Christmas in the Shadow of the Cross, Matthew 2:13-23


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“Christmas in the Shadow of the Cross”

Matthew 2:13-23

December 29, 2019

Faith Presbyterian Church – Morning Service

Pr. Nicoletti

 

This morning is the first Sunday in Christmas. The four weeks before Christmas are the season of Advent – a season of preparation and focus on the comings of Christ. Then, in the twelve days that follow, from December 25th through January 5th we have the twelve days of Christmas. On January 6th the Church celebrates Epiphany.

 

And so, this Lord’s Day we will hear from a standard reading for the first Sunday after Christmas: Matthew 2:13-23.

 

Please do listen carefully, for this is God’s Word for us this morning.

 

2:13 Now when they [that is, the “wise men from the east”] had departed, behold, an angel of the Lord appeared to Joseph in a dream and said, “Rise, take the child and his mother, and flee to Egypt, and remain there until I tell you, for Herod is about to search for the child, to destroy him.” 14 And he rose and took the child and his mother by night and departed to Egypt 15 and remained there until the death of Herod. This was to fulfill what the Lord had spoken by the prophet, “Out of Egypt I called my son.”

16 Then Herod, when he saw that he had been tricked by the wise men, became furious, and he sent and killed all the male children in Bethlehem and in all that region who were two years old or under, according to the time that he had ascertained from the wise men. 17 Then was fulfilled what was spoken by the prophet Jeremiah:

18 “A voice was heard in Ramah,
weeping and loud lamentation,
Rachel weeping for her children;
she refused to be comforted, because they are no more.”

19 But when Herod died, behold, an angel of the Lord appeared in a dream to Joseph in Egypt, 20 saying, “Rise, take the child and his mother and go to the land of Israel, for those who sought the child’s life are dead.” 21 And he rose and took the child and his mother and went to the land of Israel. 22 But when he heard that Archelaus was reigning over Judea in place of his father Herod, he was afraid to go there, and being warned in a dream he withdrew to the district of Galilee. 23 And he went and lived in a city called Nazareth, so that what was spoken by the prophets might be fulfilled, that he would be called a Nazarene.

 

This is the Word of the Lord. (Thanks be to God)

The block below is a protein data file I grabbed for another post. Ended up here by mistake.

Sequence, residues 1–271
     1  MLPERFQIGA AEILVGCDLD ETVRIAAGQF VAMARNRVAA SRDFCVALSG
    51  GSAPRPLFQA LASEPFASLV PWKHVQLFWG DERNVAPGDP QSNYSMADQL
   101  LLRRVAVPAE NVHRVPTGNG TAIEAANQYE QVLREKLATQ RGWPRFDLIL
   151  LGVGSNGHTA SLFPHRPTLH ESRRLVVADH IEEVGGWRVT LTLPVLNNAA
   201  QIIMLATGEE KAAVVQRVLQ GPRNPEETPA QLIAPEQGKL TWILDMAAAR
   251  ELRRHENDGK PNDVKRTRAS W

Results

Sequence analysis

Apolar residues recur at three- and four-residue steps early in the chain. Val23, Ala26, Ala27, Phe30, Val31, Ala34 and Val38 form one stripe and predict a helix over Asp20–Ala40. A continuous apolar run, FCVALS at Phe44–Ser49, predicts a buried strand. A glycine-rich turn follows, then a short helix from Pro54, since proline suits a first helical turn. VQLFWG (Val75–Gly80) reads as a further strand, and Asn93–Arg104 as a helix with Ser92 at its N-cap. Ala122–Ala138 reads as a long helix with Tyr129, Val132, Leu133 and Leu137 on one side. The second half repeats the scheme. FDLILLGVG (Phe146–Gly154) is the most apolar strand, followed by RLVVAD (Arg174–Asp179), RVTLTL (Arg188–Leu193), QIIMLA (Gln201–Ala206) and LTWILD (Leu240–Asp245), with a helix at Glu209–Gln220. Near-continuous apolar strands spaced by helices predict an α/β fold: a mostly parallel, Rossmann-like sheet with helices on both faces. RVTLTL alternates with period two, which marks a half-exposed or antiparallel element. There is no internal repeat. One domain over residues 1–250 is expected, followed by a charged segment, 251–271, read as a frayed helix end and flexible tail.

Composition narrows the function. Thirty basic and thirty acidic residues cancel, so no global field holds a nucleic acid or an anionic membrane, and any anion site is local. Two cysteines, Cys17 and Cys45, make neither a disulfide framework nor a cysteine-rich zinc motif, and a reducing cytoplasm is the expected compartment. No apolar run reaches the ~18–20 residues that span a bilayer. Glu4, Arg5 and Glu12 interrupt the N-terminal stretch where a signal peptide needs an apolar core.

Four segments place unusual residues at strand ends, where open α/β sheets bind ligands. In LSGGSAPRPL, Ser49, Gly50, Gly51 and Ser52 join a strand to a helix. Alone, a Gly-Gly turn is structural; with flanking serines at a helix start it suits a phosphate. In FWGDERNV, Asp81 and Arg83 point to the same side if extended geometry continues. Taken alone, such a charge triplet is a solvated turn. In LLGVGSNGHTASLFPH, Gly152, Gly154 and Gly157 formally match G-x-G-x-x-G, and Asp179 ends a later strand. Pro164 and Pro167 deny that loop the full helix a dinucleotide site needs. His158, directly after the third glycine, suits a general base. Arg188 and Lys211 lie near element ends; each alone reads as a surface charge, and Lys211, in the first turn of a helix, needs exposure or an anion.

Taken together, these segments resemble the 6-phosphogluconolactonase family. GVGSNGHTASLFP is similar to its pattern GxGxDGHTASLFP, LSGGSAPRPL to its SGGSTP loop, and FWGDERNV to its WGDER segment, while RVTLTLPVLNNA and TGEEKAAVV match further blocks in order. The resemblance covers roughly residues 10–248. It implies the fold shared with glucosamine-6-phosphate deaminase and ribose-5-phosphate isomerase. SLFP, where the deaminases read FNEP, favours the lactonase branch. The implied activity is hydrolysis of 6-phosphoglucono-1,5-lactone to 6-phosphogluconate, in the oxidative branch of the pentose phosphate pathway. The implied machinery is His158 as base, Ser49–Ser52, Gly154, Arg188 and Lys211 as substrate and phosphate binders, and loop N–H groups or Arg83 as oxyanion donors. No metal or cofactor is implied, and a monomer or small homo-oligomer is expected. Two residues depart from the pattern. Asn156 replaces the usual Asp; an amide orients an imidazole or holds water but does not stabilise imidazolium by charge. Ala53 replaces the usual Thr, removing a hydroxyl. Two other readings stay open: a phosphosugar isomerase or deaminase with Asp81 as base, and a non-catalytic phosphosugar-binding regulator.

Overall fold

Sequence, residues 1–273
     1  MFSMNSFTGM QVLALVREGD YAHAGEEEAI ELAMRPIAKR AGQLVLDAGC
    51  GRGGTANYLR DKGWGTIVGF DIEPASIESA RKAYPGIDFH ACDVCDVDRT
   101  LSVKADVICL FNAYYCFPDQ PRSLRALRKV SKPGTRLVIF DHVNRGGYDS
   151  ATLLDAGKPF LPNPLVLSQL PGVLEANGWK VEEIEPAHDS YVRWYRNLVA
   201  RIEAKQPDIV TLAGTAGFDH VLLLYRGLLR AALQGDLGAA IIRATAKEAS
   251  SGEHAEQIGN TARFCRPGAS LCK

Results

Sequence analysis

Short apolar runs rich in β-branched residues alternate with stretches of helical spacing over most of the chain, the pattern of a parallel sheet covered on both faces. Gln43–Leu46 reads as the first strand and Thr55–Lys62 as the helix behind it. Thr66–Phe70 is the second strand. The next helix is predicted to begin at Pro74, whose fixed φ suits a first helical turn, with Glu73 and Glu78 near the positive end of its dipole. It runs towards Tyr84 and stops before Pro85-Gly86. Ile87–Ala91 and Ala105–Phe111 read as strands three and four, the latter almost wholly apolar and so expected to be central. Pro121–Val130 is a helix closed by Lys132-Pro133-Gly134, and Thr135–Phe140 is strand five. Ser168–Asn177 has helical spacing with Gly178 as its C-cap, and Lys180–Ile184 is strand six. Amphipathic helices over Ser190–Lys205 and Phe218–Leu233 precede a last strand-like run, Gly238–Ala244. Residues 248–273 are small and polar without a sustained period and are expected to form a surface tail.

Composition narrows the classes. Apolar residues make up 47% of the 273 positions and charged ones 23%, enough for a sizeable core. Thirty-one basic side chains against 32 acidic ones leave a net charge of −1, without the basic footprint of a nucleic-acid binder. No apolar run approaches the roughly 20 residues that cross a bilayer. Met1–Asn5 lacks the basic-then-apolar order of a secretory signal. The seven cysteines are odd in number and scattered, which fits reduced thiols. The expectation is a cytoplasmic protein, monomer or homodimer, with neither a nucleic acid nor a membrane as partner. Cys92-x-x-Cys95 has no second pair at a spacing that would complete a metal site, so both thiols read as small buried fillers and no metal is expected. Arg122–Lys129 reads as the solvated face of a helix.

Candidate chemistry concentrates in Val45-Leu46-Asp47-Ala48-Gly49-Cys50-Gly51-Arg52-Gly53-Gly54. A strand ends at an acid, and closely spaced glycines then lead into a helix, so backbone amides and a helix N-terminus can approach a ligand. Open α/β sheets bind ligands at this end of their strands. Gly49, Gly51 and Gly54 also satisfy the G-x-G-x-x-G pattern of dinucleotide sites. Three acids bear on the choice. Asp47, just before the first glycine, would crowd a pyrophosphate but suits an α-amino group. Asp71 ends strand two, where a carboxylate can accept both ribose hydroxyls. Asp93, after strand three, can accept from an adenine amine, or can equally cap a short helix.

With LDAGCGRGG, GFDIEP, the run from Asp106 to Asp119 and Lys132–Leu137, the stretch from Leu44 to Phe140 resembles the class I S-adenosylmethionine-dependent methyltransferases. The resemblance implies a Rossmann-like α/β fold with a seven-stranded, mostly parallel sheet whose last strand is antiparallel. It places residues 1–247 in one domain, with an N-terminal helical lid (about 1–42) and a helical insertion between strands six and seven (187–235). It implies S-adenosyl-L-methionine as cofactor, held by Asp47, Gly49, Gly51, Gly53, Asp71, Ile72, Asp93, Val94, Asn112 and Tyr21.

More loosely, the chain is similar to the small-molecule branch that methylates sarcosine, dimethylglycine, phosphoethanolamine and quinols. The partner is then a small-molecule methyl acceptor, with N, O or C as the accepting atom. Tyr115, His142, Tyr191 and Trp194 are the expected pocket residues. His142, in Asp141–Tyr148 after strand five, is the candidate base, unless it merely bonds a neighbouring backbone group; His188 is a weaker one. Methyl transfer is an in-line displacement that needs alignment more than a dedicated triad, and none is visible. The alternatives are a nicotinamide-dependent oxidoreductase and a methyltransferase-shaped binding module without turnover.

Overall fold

“All people are like grass, and all their glory is like the flowers of the field; the grass withers and the flowers fall, but the word of the Lord endures forever.” [1 Peter 1:24-25]

 

Let’s pray …

 

Most Merciful God,

We have celebrated, this past week, the birth of Christ, your Incarnate Word.

And now, this morning, we come to the Scriptures, your Written Word.

We ask that by your grace and the work of your Spirit, the two would be combined afresh in our lives.

Let our celebration of your Incarnate Word grow in our hearts a renewed desire for and attention to your Written Word.

And may our attention now to your Written Word grow in our hearts an increased depth of understanding and appreciation regarding the birth of your Incarnate Word.

Grant this all, we ask, for Jesus’s sake.

Amen.

 

I came across an article recently titled “How Hallmark Took over Cable Television” by Sarah Larson.

 

According to Larson, “since 2011, from late October to January, Hallmark has broadcast Christmas movies nearly twenty-four hours a day, seven days a week. […] During this year’s holiday season, the programming, called Countdown to Christmas, has made Hallmark the No. 1 cable network among women between the ages of twenty-five and fifty-four, and, in some prime-time slots, No. 1 in households and total viewers. Last year, seventy-two million people watched Countdown to Christmas.”

 

The films follow a predictable pattern with predictable characters and it all usually unfolds in a certain kind of town. “In Hallmark films,” Larson continues, “townspeople care for one another, run viable small businesses, and compete in gingerbread-bake-offs – America as we might wish it were, and as some believe it once was. […] It also depicts a purple America, without […] rage. Bill Abbott, the C.E.O. of Crown Media, Hallmark’ entertainment company, told me that it’s ‘your place to go to get away from politics, to get away from everything in your life that is problematic and negative, and to feel like there are people out there who are good human beings that could make you feel happy to be part of the human race.’” [Larson]

 

I found the article interesting. I haven’t watched any Hallmark movies this Christmas, and I have no objection to those who have. There is a proper place for stories that put before us a picture of life that is a bit closer to what it was meant to be – a bit more as we’d rightly wish it was.

 

And so, in their proper place, the feel-good movies of Hallmark are just fine.

 

But what I am struck by, as I hear how the C.E.O. of Hallmark’s media company describes their movies … is the fact that the Apostle Matthew would never be hired by Hallmark to write a Christmas movie script for them.

 

Instead Matthew gives us, in his account of Christmas, the ragings of a tyrannical king, a family fleeing their home in the middle of the night, the frightening navigation of where to live based on fear of additional oppression, and most horrifying of all, the callous slaughter of infant children.

 

And it’s not just Matthew! As I’ve already mentioned, our reading this morning is a common reading for the first Sunday after Christmas. It’s a reading associated with a Christian Feast Day which has been celebrated since the fifth century – “The Feast of the Holy Innocents” – usually celebrated on December 28th or 29th.

 

Christians, for fifteen-hundred years, have stopped, right in the middle of the twelve days of Christmas, to remember the slaughter of the infants of Bethlehem.

 

It’s fine to be warm and sentimental. It’s fine to spend a couple hours in a Hallmark Christmas town around the holidays.